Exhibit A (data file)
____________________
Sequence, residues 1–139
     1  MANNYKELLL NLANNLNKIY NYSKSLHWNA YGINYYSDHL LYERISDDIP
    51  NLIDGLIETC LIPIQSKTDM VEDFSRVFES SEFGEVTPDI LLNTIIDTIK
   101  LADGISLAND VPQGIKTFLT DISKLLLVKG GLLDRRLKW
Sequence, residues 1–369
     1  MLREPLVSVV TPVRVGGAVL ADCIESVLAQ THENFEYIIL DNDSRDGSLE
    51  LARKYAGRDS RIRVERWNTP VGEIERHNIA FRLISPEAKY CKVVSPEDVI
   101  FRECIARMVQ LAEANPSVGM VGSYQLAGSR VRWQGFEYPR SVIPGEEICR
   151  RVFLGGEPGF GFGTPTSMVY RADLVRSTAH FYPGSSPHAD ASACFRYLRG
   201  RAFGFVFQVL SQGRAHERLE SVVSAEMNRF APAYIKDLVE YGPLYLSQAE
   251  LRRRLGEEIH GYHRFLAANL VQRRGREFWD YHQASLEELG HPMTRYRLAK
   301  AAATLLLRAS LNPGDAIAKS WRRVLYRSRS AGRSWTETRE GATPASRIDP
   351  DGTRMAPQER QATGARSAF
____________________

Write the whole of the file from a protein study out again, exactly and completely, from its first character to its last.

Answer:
Sequence, residues 1–139
     1  MANNYKELLL NLANNLNKIY NYSKSLHWNA YGINYYSDHL LYERISDDIP
    51  NLIDGLIETC LIPIQSKTDM VEDFSRVFES SEFGEVTPDI LLNTIIDTIK
   101  LADGISLAND VPQGIKTFLT DISKLLLVKG GLLDRRLKW
Sequence, residues 1–369
     1  MLREPLVSVV TPVRVGGAVL ADCIESVLAQ THENFEYIIL DNDSRDGSLE
    51  LARKYAGRDS RIRVERWNTP VGEIERHNIA FRLISPEAKY CKVVSPEDVI
   101  FRECIARMVQ LAEANPSVGM VGSYQLAGSR VRWQGFEYPR SVIPGEEICR
   151  RVFLGGEPGF GFGTPTSMVY RADLVRSTAH FYPGSSPHAD ASACFRYLRG
   201  RAFGFVFQVL SQGRAHERLE SVVSAEMNRF APAYIKDLVE YGPLYLSQAE
   251  LRRRLGEEIH GYHRFLAANL VQRRGREFWD YHQASLEELG HPMTRYRLAK
   301  AAATLLLRAS LNPGDAIAKS WRRVLYRSRS AGRSWTETRE GATPASRIDP
   351  DGTRMAPQER QATGARSAF